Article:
Coronavirus (COVID-19) update: We are currently updating information following recent Queensland and Australian Government announcements. Find assistance and support for coronavirus affected businesses and industries.

Managing pasture productivity

Several factors affect pasture palatability and productivity. Consider the following when managing and monitoring a pasture for long-term productivity.

Leafiness of pasture

Leafiness and protein content of leaves are key determiners of a plant's palatability and productivity, and vary between pasture species. Nitrogen/protein content changes throughout the year and varies between the plant stem and leaf.

Properly managed perennial grass provides bulk and cover all year which helps maintain soil condition and effective use of rainfall. A decline in this cover can lead to inefficient energy capture, a loss of nutrients to the plant and less pasture leaf produced per mm of rainfall, which will reduce your land's stock carrying capacity.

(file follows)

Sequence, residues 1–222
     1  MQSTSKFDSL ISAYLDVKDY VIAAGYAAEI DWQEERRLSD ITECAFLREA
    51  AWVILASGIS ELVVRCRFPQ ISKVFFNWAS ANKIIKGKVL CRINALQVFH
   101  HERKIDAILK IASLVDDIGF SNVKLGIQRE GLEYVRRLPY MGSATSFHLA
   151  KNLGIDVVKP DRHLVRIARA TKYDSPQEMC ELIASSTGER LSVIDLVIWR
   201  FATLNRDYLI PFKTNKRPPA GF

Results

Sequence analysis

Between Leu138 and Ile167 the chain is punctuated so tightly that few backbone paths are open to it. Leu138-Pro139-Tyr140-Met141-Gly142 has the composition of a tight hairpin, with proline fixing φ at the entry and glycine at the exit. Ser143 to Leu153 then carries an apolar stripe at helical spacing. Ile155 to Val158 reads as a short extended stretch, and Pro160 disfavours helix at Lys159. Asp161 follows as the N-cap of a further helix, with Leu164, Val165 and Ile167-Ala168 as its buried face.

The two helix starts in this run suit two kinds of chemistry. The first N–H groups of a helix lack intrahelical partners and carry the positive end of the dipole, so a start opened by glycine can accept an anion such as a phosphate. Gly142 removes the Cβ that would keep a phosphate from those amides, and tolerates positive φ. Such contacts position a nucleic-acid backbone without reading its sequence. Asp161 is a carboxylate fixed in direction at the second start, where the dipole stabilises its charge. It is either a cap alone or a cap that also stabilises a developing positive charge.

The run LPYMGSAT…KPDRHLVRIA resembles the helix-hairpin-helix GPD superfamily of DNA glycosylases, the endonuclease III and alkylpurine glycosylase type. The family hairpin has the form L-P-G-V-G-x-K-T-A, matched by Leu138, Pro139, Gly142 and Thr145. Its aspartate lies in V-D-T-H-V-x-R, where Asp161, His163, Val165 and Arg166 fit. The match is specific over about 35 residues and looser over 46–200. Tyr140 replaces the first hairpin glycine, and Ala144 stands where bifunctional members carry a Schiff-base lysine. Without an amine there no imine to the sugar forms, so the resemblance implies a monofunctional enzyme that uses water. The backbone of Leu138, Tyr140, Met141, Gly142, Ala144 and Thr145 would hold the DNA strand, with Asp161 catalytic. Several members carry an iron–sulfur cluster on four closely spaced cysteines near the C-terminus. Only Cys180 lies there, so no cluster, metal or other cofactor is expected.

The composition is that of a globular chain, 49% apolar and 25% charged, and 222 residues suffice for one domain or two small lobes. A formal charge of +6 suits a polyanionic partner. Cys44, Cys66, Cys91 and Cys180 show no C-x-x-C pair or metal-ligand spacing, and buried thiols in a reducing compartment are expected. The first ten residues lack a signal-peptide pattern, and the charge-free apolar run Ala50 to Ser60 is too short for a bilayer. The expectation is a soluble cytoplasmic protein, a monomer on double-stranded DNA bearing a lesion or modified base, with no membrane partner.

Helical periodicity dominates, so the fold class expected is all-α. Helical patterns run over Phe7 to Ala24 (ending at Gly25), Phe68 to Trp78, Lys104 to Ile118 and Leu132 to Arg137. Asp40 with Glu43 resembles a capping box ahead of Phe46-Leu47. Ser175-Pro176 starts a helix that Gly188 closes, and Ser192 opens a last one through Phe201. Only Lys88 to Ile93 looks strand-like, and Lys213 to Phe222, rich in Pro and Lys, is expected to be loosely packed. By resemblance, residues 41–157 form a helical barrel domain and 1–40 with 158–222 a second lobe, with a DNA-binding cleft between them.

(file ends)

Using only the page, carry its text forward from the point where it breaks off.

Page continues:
Age of plants

Most pastures provide maximum energy and protein for the first 40-60 days. After this, the nutritional value of the pasture drops unless there is continued pasture growth.

Legumes

Legumes provide an additional protein source for grazing animals and contribute nitrogen to the soil, which is then used by other pasture grasses. Legumes retain their digestibility longer than grasses.

Spelling pasture

Pasture needs a rest period so it can set seed and produce to its maximum potential, especially after heavy grazing or burning.

Using fire

Used correctly, fire can help you to manage grazing lands.

Timber and woody weeds

A good tree-grass balance is best for long-term maximum production and sustainability. However, as trees and woody weeds require a lot of water for growth, less of them mean more water is available for pasture growth.

Also consider...